Internships at Brookhaven’s National Synchrotron Light Source II helped turn her love for rocks into serious study.
Catherine Trewhella, a recent graduate from the University of Massachusetts, Amherst, and current intern at the U.S. Department of Energy’s (DOE) Brookhaven National Laboratory, is taking a microscopic look at rocks at the National Synchrotron Light Source II (NSLS-II), a DOE Office of Science user facility. Her research will help prepare scientists for analyzing samples brought back from outer space, specifically Mars.
Trewhella is currently interning as a part of Brookhaven Lab’s Office of Educational Programs’ Supplemental Undergraduate Research Program (SURP). Over the course of the fall, she has been using NSLS-II’s Submicron Resolution X-ray Spectroscopy (SRX) beamline to map out the chemical make-up of terrestrial analogs for Martian samples.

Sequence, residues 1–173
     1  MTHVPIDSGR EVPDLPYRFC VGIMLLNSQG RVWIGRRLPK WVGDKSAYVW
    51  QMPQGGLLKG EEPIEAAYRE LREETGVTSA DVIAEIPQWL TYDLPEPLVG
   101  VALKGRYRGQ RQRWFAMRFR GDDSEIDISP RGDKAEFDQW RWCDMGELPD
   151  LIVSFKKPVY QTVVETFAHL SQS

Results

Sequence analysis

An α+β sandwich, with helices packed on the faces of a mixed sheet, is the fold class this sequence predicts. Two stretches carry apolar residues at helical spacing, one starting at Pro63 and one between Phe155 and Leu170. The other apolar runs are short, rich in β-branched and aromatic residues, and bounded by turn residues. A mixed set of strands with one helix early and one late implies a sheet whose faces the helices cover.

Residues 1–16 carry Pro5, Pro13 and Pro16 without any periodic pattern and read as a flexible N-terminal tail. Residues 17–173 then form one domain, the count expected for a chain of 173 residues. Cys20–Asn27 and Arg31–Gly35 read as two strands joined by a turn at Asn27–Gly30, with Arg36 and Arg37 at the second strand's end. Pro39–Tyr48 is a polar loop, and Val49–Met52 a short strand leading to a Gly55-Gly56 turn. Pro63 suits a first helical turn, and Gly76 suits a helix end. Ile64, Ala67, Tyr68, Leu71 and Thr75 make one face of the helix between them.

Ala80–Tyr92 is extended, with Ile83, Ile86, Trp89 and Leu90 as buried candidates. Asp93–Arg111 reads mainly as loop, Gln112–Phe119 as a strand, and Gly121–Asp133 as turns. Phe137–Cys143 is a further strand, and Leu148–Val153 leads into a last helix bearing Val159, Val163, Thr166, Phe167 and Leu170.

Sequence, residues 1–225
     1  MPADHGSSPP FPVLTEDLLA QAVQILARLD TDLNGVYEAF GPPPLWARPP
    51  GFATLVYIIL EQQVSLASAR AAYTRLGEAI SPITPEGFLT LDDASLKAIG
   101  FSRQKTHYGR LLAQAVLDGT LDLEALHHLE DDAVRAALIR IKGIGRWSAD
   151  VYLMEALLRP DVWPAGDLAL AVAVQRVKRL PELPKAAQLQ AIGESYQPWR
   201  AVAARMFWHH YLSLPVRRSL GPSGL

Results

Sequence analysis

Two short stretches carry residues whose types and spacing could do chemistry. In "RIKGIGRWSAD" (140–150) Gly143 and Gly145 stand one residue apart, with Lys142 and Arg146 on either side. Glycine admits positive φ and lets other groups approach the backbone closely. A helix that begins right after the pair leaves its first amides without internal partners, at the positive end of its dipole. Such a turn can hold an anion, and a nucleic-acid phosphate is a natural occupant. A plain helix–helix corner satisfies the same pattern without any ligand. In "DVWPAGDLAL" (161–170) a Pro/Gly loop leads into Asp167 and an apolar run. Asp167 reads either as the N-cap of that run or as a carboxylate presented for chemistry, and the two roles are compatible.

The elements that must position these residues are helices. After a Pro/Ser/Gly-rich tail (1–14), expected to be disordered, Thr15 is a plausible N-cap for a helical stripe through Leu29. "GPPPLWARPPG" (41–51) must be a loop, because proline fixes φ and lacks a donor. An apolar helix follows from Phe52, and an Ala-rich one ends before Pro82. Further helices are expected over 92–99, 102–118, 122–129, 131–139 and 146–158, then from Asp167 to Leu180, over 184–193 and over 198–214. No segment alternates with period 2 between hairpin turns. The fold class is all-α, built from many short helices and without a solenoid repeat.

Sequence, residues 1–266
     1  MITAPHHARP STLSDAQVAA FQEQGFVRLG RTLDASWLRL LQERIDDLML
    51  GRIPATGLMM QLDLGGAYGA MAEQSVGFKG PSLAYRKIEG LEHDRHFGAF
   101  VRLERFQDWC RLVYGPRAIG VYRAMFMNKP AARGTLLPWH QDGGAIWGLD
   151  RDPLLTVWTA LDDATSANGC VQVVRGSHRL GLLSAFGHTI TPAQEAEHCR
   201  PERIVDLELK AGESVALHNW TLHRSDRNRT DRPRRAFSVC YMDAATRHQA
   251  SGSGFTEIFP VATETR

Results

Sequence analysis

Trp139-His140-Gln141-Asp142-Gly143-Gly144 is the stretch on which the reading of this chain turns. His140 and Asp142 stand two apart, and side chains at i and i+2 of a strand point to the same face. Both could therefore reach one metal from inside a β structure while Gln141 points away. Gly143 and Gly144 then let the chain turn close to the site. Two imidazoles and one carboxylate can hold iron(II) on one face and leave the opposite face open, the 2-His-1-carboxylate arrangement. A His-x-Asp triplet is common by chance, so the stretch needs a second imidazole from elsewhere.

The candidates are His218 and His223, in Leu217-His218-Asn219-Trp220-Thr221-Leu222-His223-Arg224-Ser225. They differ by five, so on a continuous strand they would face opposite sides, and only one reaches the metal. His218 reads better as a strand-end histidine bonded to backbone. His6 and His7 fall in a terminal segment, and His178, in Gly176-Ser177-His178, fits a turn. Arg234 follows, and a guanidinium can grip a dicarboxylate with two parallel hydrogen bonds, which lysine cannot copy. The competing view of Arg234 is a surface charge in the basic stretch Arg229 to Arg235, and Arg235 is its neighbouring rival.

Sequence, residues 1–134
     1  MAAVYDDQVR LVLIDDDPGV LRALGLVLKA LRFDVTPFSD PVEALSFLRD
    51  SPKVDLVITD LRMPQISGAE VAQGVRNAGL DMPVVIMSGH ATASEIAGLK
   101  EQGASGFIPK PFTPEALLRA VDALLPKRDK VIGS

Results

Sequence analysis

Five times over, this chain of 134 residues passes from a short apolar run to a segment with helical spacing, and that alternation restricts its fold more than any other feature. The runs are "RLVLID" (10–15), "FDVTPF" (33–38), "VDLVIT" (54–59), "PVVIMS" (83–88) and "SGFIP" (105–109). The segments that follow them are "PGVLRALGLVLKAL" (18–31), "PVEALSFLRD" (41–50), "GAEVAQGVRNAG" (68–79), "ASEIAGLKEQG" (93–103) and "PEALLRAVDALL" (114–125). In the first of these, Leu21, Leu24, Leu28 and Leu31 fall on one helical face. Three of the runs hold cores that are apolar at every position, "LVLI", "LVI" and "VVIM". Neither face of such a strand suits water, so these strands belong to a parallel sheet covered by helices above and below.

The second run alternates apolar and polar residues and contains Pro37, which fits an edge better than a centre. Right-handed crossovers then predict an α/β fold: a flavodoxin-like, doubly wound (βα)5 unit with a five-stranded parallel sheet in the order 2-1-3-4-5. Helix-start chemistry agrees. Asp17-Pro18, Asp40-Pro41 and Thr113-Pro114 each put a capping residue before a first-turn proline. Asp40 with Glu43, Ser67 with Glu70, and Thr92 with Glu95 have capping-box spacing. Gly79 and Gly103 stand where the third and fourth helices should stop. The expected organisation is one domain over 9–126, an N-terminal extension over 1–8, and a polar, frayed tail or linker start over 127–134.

“They’re terrestrial rocks,” she said. “But what makes them worth the closer look is researchers believe they’re similar to rock formations expected on Mars.” These x-ray fluorescence images (XRF) will therefore help scientists better understand what they are seeing when studying Martian samples.
>Read more on the National Synchrotron Light Source II (NSLS-II) website
Image: Catherine Trewhella at the Submicron Resolution X-ray Spectroscopy (SRX) beamline at the National Synchrotron Light Source II (NSLS-II) at Brookhaven Lab.